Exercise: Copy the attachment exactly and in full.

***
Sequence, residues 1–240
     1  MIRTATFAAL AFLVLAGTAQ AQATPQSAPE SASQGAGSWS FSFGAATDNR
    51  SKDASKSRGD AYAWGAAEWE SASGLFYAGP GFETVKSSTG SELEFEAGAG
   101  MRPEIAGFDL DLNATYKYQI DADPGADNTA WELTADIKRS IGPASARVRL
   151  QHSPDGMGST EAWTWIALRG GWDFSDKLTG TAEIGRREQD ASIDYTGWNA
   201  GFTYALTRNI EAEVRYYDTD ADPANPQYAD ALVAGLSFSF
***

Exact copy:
Sequence, residues 1–240
     1  MIRTATFAAL AFLVLAGTAQ AQATPQSAPE SASQGAGSWS FSFGAATDNR
    51  SKDASKSRGD AYAWGAAEWE SASGLFYAGP GFETVKSSTG SELEFEAGAG
   101  MRPEIAGFDL DLNATYKYQI DADPGADNTA WELTADIKRS IGPASARVRL
   151  QHSPDGMGST EAWTWIALRG GWDFSDKLTG TAEIGRREQD ASIDYTGWNA
   201  GFTYALTRNI EAEVRYYDTD ADPANPQYAD ALVAGLSFSF